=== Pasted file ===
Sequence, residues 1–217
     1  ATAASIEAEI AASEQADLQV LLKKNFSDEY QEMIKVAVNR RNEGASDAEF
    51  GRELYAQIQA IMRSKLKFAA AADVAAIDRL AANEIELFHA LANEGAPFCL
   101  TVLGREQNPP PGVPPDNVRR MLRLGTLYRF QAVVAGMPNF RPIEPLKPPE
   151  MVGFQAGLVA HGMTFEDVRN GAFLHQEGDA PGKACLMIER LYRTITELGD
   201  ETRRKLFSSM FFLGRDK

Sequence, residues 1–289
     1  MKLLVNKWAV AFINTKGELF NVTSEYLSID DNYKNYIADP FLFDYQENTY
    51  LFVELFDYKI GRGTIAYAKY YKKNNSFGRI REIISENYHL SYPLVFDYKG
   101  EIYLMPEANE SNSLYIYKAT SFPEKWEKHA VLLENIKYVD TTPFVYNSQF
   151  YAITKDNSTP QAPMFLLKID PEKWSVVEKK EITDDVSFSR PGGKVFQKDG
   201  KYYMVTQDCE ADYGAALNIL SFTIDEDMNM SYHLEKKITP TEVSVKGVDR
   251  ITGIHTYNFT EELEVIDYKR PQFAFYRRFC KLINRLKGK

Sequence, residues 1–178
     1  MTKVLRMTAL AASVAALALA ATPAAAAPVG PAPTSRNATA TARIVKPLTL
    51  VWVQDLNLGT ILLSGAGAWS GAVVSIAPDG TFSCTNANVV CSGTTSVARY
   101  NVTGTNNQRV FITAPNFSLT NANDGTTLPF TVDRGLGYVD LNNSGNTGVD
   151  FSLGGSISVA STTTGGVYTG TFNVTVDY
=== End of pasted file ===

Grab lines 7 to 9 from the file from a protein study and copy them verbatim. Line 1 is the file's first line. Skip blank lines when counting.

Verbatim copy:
Sequence, residues 1–289
     1  MKLLVNKWAV AFINTKGELF NVTSEYLSID DNYKNYIADP FLFDYQENTY
    51  LFVELFDYKI GRGTIAYAKY YKKNNSFGRI REIISENYHL SYPLVFDYKG